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We supply Cat 6 RJ45 Patch Cables, Ca 6 Patch Cables, Category 6 Patch Cables throughout Markham and Toronto Ontario Canada

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Network Cables | Cat 6 (category 6) Patch Cables

Cat 6 Patch Cables
Cat 6 patch cables are designed for Network Interface Cards, Hubs, Switches, Routers, DSL/Cable Modems, Patch Panels and all other twisted-pair applications
Product Features:      
  Our high quality Cat 6 patch cables are made with certified Cat 6 cable, which consists of 4 unshielded twisted pairs, 24 AWG. stranded cond. and a PVC jacket. The RJ45 plugs we use are made to the Cat 6 specs and have 50 microns of gold plating per contact.

Our UL/CSA certified patch cables meet all the TIA/EIA standards. Our enhanced Cat 6 patch cables are well constructed using Cat 6 bulk cable, which consists of 4 unshielded twisted pairs, stranded conductors, and a PVC jacket. We terminate the snag less molded booted Cat 6 cables with short body RJ45 plugs, which are plated with 50 microns of gold plating per contact.

Connector: 50-micron gold plated RJ-45 Male to Male  
Jacket: PVC
Designed For: Network Interface Cards, Hubs, Switches, Routers, DSL/Cable Modems, Patch Panels and all other twisted-pair applications
Wired: 568A Standard
Meets or Exceeds Category 6 specifications
Certifications: TIA/EIA; UL, CSA Listed

cat 5e cable

cat 5e cable

cat 5e cable

cat 5e cable

cat 5e cable

cat 5e cable

cat 5e cable

cat 5e cable

cat 5e cable

Cat 6 Patch Cables are available in the following colours:      


Blue Cat 6 Patch Cable
Grey Cat 6 Patch Cable
White Cat 6 Patch Cable
Red Cat 6 Patch Cable
Green Cat 6 Patch Cable
Yellow Cat 6 Patch Cable
Black Cat 6 Patch Cable
Orange Cat 6 Patch Cable
Purple Cat 6 Patch Cable
Cat 5e Patch Cables are available in the following lengths:     


1 Foot Cat 6 Patch Cable 15 Foot Cat 6 Patch Cable
2 Foot Cat 6 Patch Cable 20 Foot Cat 6 Patch Cable
3 Foot Cat 6 Patch Cable 25 Foot Cat 6 Patch Cable
4 Foot Cat 6 Patch Cable 30 Foot Cat 6 Patch Cable
5 Foot Cat 6 Patch Cable 35 Foot Cat 6 Patch Cable
6 Foot Cat 6 Patch Cable 50 Foot Cat 6 Patch Cable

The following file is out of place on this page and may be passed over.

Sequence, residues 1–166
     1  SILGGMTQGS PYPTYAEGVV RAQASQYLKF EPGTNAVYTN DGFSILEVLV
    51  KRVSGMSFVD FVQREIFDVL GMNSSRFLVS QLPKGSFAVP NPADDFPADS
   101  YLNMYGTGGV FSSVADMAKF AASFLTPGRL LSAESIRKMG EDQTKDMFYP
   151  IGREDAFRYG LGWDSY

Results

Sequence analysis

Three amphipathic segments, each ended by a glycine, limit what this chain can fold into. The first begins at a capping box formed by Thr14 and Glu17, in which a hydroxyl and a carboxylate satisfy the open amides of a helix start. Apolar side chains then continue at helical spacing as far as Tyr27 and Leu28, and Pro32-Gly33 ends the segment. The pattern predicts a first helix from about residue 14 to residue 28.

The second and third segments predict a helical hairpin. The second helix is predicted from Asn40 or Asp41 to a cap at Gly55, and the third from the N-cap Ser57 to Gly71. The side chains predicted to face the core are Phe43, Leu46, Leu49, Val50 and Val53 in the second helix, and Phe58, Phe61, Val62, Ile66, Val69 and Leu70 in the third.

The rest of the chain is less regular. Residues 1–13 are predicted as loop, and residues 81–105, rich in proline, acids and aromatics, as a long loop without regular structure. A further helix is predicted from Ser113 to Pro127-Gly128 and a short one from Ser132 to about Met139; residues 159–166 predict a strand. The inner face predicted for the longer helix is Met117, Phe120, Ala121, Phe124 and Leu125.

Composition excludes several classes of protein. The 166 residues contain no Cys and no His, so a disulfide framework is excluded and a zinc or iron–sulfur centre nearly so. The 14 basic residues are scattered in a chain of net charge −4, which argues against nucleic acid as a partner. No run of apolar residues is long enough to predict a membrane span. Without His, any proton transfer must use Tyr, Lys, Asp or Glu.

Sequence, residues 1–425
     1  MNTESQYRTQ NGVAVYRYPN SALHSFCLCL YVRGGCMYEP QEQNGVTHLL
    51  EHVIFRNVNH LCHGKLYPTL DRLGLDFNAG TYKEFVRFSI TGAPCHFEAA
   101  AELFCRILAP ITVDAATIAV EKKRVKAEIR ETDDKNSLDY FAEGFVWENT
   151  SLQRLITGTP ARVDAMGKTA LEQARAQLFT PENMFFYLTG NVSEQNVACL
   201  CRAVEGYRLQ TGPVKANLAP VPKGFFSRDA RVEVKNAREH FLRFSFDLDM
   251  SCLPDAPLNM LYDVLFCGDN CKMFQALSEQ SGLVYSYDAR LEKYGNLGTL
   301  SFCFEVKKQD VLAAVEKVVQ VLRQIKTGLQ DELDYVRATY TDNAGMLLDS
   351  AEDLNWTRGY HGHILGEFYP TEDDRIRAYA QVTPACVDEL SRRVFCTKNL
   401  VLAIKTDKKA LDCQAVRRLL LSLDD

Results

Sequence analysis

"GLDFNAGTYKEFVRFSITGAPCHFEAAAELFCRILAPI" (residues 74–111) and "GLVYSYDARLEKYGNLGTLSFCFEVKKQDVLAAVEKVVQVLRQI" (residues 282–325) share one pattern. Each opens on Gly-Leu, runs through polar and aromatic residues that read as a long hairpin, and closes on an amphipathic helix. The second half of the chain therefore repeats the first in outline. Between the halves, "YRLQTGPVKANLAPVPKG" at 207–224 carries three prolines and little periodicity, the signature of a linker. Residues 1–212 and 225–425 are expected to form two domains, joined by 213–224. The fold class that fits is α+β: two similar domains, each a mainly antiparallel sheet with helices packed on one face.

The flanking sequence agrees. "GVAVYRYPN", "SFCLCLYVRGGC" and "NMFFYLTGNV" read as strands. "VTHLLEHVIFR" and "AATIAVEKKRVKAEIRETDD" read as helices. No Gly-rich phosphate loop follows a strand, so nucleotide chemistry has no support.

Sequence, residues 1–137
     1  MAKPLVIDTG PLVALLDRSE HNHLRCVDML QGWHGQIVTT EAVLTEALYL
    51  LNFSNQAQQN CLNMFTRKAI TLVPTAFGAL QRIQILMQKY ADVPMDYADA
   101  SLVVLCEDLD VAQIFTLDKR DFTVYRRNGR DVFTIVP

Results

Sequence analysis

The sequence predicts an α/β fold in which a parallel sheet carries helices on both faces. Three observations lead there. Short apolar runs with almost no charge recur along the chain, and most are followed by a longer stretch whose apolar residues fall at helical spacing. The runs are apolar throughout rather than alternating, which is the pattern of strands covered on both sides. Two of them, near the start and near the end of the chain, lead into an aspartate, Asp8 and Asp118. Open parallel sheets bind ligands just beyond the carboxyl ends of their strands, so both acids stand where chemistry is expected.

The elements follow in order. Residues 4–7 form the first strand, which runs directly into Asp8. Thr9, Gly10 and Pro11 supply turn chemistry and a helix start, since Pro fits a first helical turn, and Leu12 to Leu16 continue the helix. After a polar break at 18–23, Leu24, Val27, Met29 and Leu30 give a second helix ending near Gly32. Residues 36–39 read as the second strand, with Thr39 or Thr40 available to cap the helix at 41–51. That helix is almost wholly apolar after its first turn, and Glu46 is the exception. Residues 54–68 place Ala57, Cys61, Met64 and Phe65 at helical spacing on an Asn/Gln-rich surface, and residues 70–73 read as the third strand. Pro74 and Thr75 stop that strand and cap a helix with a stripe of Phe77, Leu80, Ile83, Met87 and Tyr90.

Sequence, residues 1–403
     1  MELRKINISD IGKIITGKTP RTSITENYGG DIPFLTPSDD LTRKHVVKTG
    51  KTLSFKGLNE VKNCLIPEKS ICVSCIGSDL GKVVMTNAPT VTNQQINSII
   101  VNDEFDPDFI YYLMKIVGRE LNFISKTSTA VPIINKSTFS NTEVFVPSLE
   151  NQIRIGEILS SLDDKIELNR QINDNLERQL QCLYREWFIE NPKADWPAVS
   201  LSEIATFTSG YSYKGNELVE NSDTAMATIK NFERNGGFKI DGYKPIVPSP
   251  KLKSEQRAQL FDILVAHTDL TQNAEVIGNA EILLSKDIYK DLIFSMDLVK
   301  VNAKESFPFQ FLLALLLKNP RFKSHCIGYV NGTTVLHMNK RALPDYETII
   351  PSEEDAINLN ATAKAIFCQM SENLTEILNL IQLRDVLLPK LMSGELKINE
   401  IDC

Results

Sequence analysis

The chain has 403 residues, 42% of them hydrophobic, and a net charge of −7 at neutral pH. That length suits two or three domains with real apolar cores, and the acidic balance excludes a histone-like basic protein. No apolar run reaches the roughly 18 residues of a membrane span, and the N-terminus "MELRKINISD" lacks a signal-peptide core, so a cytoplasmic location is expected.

7 Foot Cat 6 Patch Cable 75 Foot Cat 6 Patch Cable
10 Foot Cat 6 Patch Cable 100 Foot Cat 6 Patch Cable
14 Foot Cat 6 Patch Cable
Information about Cat 6 or Category 6 Patch Cables:      

The official standard for Cat 6 cabling is 200MHz (twice the bandwidth of Cat 5) but most manufacturers test their Cat 6 patch cables up to 550MHz at 1 Gbps. Cat 6 cabling was created to facilitate the future bandwidth requirements needed for streaming multimedia applications.

Cat 6 follows very strict rules in both the manufacturing process and in channel requirements. Wiring must maintain a tight pair twist as close to the connector/jack as possible. Category 6 channel requirements specify that every component in a Cat 6 network must meet minimum standards to ensure optimal performance. One method of differentiating a Cat 6 patch cable from Cat 5e patch cable is by simply looking the connector ends.

Some Cat 6 cables are constructed with a plastic spline separating the pairs for better performance. Other manufacturers have found different ways to achieve Cat 6 requirements, such as using tighter pair twists. Either way, the construction of the cable does not matter as long as Cat 6 standards are met.

How to Make a Category 6 / Cat 6 Patch Cable

568 - B Wiring

Pair #
Pin #
1 - White / Blue
White / Blue
Blue / White
2 - White / Orange
White / Orange
Orange / White
3 - White / Green
White / Green
Green / White
4 - White / Brown
White / Brown
Brown / White


568 - A Wiring

Pair #
Pin #
1 - White / Blue
White / Blue
Blue / White
2 - White / Green
White / Green
Green / White
3 - White / Orange
White / Orange
Orange / White
4 - White / Brown
White / Brown
Brown / White

Notes for wiring diagrams above:

1. For patch cables, 568-B wiring is by far, the most common method.
2. There is no difference in connectivity between 568B and 568A cables. Either wiring should work fine on any system.
3. For a straight through cable, wire both ends identical.
4. For a crossover cable, wire one end 568A and the other end 568B.
5. Do not confuse pair numbers with pin numbers. A pair number is used for reference only (eg: 10BaseT Ethernet uses pairs 2 & 3). The pin numbers indicate actual physical locations on the plug and jack.

Patch Cable Assembly Instructions

1 If you are planning to use boots than slide them on to the cable as shown. If you prefer not to use boots than start from step 2.
2 Skin off approximately 1.5" of the cable's jacket.
3 Partially untwist the pairs leaving one twist remaining at the bottom being sure not to untwist into the cable's jacket. Straighten and organize the conductors to the diagram above. Note: Choose 568B (most common) or 568A wiring. For crossover see Below
4 (Optional) Cut the end of the conductors on an angle while holding them in proper order. This will make it easier to install the load bar on the next step.
5 Slide the conductors into the load bar in their proper order with the hollow portion of the load bar facing the jacket. The holes in the load bar alternate up and down. For that reason, you may find it easier to insert the conductors one at a time. This would be a good time to re-check
6 Push the load bar as far down as it will go. Then cut the conductors straight across approximately 0.14" from the front of the load bar. It is very important to get a very straight and even cut. The use of a pair of Electrician's Scissors is highly recommended.